Moss Bros today said ecommerce sales grew by 36.3% to reach 10% of total sales in its latest financial year as it made progress in its journey towards becoming a multichannel retailer. More than a third (37%) of online sales took place via smartphones and tablet computers.
The mens’ formalwear business today reported revenue of £121.1m in the year to January 30, 5.6% up from £114.7m at the same time last year. Pre-tax profits of £5.8m after exceptional items of £98,000, were 20.1% up from profits of £4.8m at the same time last year.
Chief executive Brian Brick said the retail and hire business continued “to make strong progress in the delivery of our strategic priorities.” He added: “The modernisation of the store portfolio, which is nearing completion, is achieving the anticipated returns and we have well-developed plans for the implementation of our multichannel shopping environment.”
Online, the company said that site traffic, conversion and retention rates to its retail website were “on improving trends”. International expansion is now focused on ecommerce, with dedicated, local currency sites operating for the Republic of Ireland, Australia and US markets. “Ecommerce,” said the company in its full-year statement, “has also proved to be a very efficient means of clearing end-of-line stock with faster sell-through rates and an improvement in prices achieved.”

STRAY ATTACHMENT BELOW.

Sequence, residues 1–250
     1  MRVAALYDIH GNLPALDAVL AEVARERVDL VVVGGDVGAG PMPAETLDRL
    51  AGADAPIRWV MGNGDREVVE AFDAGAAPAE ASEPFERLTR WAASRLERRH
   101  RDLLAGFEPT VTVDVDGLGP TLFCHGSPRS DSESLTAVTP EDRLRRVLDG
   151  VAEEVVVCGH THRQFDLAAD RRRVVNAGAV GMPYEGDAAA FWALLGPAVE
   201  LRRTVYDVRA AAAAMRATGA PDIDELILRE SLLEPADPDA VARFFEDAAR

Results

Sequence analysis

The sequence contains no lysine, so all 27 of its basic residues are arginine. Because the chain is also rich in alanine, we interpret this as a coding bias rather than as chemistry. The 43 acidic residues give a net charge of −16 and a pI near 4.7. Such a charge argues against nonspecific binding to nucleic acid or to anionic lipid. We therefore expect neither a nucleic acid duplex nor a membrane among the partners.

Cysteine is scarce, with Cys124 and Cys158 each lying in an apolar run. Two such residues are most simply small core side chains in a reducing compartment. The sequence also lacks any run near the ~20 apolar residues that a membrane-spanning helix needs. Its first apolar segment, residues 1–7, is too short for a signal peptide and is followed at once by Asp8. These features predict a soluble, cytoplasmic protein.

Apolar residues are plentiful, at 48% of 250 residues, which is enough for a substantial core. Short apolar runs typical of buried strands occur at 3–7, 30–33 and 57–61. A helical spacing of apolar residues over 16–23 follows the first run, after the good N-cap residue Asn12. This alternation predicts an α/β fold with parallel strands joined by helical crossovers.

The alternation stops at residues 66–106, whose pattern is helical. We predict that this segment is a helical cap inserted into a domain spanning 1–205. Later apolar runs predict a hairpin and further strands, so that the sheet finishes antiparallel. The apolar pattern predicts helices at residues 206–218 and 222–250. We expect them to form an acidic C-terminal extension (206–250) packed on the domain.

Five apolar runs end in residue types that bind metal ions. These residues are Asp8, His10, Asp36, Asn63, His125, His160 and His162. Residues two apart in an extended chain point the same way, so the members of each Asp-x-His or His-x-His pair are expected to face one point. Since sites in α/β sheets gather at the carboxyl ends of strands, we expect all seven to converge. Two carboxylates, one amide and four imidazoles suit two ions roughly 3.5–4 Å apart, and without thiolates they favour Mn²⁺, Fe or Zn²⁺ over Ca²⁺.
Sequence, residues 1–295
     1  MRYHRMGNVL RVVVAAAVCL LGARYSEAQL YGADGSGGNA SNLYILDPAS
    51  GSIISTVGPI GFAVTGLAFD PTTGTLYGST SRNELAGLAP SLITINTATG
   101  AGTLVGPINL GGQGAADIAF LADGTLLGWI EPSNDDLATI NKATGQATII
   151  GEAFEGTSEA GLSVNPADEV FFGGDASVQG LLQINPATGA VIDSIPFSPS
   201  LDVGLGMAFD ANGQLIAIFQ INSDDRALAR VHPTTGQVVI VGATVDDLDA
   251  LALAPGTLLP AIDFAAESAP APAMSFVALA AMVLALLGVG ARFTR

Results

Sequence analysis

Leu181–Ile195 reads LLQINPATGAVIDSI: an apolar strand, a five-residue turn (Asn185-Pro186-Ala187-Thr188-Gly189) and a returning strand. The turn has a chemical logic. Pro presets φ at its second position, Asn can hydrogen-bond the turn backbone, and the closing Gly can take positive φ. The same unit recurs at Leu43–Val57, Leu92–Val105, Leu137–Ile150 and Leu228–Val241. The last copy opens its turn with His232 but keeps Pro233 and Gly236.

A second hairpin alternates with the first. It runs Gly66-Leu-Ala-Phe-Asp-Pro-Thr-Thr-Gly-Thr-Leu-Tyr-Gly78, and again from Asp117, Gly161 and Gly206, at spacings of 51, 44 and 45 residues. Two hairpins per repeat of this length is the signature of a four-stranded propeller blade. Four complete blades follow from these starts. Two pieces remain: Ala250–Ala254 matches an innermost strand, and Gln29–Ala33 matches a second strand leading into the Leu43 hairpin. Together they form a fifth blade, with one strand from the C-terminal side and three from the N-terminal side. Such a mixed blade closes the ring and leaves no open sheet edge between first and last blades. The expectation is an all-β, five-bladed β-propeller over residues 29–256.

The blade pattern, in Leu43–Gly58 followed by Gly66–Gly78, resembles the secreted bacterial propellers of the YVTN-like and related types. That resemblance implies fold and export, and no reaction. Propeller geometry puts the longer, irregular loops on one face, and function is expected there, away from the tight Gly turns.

Hire, it said, was becoming a multichannel experience, with wedding hire customers starting their journey online before completing the transaction in the store. Work is now underway to improve the customer experience and boost conversion rates. Hire sales across all channels increased by 11.7% over the year, representing a recovery in wedding hire.
Offline, the company is focusing on a store refitting programme, which it said helped to boost like-for-like sales by 7.6% in the latest financial year. It opened four new stores and closed ten in the UK during the year, while also relocating four stores into larger sites at better locations – taking the total store numbers to 124 in January 2016, down from 130 a year earlier. Of those stores, 81 now have a new format. But it said the demand for click and collect and click and return services means there was an opportunity to expand its store footprint “on a selective and cost-effective basis”.
Black Friday, it said, had attracted “significant customer interest” both in stores and online. This year it said “a carefully targeted campaign” meant it had managed its exposure to discounting more effectively. Over the year it said it had been able to manage stock better, discount less and improve profit margins.